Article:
Now, does this mean Ryan Reynolds' Green Lantern is a Joe Blow that just comes upon the most powerful weapon in the universe? I hope not, as much as I understand that niche feature films need general audiences, I think they also need to retain the spirit that made the property timeless in the first place. For all of the special effects we should expect from Green Lantern, I hope Warner Brothers remembers Hal's most effective weapon: his fearless will. Without it, he couldn't even muster up a boxing glove. Maintain the character's integrity, and folks will be lining up to watch a regular guy like Hal Jordan kick the crap out of a cosmic terrorist like Sinestro whether they've heard of Green Lantern or not. As for us fanboys . . .?

We can say we were there first. We've been here all along.

Wednesday, June 02, 2010

Phoenix Comic Con Coverage: How to Draw with Todd and Greg

Spawn artists Todd McFarlane and Greg Capullo presented a how to draw comics workshop at the Phoenix Comic Con on Saturday, May 29. The tutorial was a basic demonstration of superhero illustration, with an emphasis on the face and hands.

"If you can draw faces and hands," McFarlane explained, "you can get a job in comics." He further described successful character drawing in comics as acting on Broadway because dramatic body movement is essential in both media.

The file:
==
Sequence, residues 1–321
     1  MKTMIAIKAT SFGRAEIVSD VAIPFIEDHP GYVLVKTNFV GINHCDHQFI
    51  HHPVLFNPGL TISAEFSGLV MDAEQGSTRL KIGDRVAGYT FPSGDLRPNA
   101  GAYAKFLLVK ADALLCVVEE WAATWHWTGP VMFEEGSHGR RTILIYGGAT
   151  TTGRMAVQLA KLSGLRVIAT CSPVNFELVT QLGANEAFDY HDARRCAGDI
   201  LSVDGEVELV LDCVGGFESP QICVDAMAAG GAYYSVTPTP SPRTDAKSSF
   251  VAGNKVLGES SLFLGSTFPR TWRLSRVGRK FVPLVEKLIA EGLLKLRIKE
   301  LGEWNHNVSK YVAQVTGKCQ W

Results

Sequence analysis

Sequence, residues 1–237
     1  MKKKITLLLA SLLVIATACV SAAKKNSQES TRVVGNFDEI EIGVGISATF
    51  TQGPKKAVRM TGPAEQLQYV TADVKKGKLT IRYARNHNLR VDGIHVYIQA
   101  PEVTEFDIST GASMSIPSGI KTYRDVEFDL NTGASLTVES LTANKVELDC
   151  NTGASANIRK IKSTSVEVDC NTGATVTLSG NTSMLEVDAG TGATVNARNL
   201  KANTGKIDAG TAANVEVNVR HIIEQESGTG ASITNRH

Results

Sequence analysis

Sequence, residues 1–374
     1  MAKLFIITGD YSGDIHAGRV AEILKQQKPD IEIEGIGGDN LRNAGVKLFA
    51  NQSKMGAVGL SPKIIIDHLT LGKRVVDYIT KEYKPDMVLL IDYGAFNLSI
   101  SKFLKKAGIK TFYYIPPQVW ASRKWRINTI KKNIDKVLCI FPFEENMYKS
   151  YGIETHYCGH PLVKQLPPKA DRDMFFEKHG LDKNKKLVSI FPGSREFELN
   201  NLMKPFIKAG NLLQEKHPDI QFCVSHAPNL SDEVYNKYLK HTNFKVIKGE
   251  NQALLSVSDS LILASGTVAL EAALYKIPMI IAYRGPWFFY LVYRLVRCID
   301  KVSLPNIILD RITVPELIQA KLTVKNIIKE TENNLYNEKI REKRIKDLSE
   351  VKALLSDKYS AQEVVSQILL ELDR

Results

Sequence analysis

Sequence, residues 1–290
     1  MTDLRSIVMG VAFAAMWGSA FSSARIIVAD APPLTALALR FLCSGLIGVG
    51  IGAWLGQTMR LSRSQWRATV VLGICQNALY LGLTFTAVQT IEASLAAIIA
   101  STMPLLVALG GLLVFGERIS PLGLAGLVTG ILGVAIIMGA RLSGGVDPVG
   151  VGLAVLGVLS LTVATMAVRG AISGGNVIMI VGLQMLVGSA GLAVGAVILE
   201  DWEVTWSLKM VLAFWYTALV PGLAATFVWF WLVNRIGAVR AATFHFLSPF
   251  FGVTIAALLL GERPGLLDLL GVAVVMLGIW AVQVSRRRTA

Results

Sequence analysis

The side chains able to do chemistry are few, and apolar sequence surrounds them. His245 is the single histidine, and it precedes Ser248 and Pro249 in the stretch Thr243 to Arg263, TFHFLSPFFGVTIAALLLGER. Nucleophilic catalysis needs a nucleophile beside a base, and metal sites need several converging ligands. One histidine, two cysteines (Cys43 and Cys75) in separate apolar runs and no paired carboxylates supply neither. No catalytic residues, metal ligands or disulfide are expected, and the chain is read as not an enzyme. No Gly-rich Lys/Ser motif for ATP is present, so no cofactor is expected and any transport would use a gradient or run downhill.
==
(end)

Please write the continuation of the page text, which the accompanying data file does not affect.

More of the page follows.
McFarlane was very complimentary of his partner Capullo, saying, "The artists [comic book fans] like know how to position their camera, and Greg is the best artist I know. He can put the camera anywhere in the room."

Capullo encouraged young artists to keep drawing and accept honest criticism. "An editor gave me the best advice, a guy named Larry Hama," he recalled. "'You're in the Big Apple now,' he said to me. It took me two years to take his advice."

While describing the importance of movement, McFarlane mentioned that he was recently directing a video game commercial. He didn't reveal any details, other than that the actors were carrying swords and shields.

The artists also took a humorous interlude to discuss how to play Pictionary. McFarlane explained that his wife always draws animals the same way (see image above), and essentially asked, how hard is it to add a trunk to make your drawing an elephant?

"Whenever we get picked for a team, people are always like, well, great, now we're going to lose!" McFarlane joked. "Guys, we have the same 20 seconds as you! If you can't tell, we are usually very slow, very anal, very detailed about our drawings."